Multiplicity. It’s taken me a really long time to realise that home didn’t have to be singular, that I didn’t need to pick one place to call home. Both my parents are immigrants, and I’ve been an immigrant myself: instead of seeing that as a kind of “dislocation”, I’ve made a conscious choice to see that as productive, as a way of saying I belong to many places. I was born in London, Ontario, which people seem to find confusing because I lived in London, England for so long. Halifax (in Nova Scotia). Toronto. Berlin. Taipei. 

Which place do you have a special connection to?

I wrote my PhD dissertation about Hampstead Heath, which I lived next to through my early twenties. There was a beautiful lime tree that I used to hang out under, reading, resting, dreaming, crying: it bore witness to a lot of my most transformative moments in young adulthood. The tree came down in a storm in 2012, but the spot where it stood still draws me in. I have its leaf tattooed on my arm. 

 So I’d say there, but also: the bay at my family’s cottage in Canada, the cafe window in Berlin where I usually sit and write, the Taiwanese breakfast shop in Taipei where I get cold soy milk and hot shaobing youtiao. 

What is beyond your front door?

My street has one of the most beautiful views in Berlin, I think: it’s abnormally long and tree-lined and lovely. To the left, you’ll find more children and ice cream shops and wine bars and pet stores than necessary, and to the right you’ll find a busy road with a tram that races back and forth over the old Berlin Wall border all day. There’s a spicy hand-pulled noodle shop not far away, which is probably the best thing within walking distance.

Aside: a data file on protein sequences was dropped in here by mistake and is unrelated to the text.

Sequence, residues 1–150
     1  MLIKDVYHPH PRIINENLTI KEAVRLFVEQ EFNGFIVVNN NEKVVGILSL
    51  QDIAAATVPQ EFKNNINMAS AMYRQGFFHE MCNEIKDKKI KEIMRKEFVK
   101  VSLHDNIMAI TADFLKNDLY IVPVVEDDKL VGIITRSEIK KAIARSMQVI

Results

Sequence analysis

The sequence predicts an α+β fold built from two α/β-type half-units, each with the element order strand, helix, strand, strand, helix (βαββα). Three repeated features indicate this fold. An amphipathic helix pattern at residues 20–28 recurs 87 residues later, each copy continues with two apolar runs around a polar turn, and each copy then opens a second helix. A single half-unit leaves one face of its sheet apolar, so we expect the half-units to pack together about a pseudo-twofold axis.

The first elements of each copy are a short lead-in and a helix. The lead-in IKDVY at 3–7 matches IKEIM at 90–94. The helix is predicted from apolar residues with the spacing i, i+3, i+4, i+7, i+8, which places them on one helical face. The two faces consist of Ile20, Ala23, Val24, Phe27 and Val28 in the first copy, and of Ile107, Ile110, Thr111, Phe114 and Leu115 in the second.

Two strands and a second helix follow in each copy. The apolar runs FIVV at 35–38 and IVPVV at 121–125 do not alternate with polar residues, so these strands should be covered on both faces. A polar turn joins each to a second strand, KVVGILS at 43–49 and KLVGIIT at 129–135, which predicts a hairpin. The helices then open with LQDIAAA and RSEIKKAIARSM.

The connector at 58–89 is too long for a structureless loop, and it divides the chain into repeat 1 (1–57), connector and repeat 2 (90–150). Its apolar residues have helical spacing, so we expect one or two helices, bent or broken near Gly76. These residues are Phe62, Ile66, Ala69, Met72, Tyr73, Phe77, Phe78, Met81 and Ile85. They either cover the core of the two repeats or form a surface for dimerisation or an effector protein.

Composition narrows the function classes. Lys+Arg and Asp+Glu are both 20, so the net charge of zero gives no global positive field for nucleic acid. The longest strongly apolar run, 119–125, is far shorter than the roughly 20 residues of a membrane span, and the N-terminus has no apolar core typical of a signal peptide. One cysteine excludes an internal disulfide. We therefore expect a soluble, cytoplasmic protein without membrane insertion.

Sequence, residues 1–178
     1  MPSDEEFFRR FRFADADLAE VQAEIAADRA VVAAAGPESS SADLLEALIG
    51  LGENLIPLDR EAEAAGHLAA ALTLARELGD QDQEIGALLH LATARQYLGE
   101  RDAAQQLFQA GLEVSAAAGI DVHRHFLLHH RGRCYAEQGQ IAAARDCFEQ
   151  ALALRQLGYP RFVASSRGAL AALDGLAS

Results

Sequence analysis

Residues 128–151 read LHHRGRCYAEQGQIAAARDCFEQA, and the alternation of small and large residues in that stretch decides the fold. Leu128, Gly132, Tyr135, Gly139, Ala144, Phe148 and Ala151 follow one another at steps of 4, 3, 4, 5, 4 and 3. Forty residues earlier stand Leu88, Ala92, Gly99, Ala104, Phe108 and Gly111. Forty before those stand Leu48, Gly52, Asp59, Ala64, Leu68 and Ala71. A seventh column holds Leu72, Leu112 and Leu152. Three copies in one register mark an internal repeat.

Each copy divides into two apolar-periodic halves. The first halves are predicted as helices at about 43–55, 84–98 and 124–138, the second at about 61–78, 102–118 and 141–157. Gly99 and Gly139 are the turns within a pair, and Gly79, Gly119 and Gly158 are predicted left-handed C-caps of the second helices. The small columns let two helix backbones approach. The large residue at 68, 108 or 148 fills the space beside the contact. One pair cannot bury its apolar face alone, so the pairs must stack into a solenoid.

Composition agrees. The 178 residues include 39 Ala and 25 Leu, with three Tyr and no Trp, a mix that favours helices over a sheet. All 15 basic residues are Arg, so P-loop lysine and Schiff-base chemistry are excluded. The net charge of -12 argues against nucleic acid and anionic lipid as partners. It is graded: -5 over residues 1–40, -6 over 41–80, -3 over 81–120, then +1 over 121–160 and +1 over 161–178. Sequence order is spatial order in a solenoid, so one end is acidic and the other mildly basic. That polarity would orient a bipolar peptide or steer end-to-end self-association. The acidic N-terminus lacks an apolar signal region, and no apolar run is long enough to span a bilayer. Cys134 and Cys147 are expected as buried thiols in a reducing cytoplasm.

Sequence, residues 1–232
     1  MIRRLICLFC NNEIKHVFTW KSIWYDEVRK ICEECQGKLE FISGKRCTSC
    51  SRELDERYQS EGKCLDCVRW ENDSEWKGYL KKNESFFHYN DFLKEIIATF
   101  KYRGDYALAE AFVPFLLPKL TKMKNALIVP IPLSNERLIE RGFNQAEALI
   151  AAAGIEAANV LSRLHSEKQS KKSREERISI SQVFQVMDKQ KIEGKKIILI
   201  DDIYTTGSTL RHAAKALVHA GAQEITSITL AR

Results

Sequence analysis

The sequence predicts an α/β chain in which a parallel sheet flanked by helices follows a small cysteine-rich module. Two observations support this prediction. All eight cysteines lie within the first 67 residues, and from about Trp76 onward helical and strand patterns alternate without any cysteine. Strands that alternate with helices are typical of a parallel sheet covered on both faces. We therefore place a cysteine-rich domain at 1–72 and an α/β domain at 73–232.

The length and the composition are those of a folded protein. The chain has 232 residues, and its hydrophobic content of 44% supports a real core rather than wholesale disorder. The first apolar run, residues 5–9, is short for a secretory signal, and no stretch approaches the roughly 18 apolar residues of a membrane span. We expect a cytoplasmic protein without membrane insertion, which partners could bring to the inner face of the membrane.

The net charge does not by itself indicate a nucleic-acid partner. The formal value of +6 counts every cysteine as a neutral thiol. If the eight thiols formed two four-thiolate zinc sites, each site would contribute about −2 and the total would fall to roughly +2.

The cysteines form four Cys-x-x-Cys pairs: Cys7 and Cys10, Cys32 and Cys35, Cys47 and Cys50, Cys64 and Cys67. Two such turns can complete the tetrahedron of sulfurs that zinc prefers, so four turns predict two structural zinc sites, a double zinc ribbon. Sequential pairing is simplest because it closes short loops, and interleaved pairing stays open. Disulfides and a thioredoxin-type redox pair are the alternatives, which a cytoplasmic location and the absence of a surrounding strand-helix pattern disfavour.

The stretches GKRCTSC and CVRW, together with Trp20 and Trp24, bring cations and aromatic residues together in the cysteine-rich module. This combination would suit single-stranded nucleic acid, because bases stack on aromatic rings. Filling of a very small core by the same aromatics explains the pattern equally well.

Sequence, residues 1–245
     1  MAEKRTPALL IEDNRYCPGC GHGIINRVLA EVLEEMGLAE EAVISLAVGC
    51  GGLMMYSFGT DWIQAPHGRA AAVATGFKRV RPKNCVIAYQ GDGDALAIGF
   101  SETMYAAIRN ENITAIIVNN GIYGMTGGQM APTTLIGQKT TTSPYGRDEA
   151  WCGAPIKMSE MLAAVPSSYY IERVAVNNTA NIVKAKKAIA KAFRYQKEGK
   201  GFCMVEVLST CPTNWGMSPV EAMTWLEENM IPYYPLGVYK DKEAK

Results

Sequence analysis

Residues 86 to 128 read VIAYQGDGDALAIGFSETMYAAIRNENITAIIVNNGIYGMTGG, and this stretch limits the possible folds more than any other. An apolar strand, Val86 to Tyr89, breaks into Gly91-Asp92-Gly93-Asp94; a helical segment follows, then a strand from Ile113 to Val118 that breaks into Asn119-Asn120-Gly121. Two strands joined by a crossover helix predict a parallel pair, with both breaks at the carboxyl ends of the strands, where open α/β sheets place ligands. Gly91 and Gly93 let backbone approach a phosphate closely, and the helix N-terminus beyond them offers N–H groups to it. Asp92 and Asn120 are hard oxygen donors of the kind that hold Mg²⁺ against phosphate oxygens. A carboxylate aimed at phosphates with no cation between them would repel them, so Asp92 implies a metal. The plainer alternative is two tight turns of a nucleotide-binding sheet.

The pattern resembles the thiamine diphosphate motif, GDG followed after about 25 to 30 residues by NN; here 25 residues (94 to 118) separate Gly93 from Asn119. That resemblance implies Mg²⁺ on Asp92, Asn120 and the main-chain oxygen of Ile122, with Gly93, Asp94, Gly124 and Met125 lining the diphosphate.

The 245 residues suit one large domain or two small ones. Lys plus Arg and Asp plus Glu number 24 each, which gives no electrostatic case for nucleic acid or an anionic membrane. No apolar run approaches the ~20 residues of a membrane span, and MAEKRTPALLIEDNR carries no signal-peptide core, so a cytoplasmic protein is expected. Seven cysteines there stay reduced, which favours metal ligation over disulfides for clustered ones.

What place would you most like to visit?

This is an impossible choice! There are so many countries I’ve yet to visit—Japan, Norway, New Zealand—but if I can be really specific, I’ll say Jiaming Lake in the Central Mountains of Taiwan. It’s a teardrop of a lake at the top of the mountains, famous for being a shallow, glassy mirror of the sky. People used to say it was formed by a meteor strike, but it was actually formed by glacial movement. But it’s a nightmare to hike to because of permits, the logistics of getting to the trailhead, the three-day trek, etc. I’ve twice had journeys to the Jiaming cancelled, so it’s become something of an obsession for me to one day actually make it there. 

What are you reading / watching / listening to / looking at right now?

I have the bad habit of reading many books at once. Currently, Brandon Shimoda’s The Grave on the Wall and Yoko Tawada’s The Last Children of Tokyo during the day, and Ben Aaronovitch’s The October Man as bedtime reading. I watch too much television—it’s one of the only ways I can switch off at home—so I’m currently finishing with Jane the Virgin. And for music, I’ve returned to Japanese Breakfast’s Soft Sounds from Another Planet on repeat.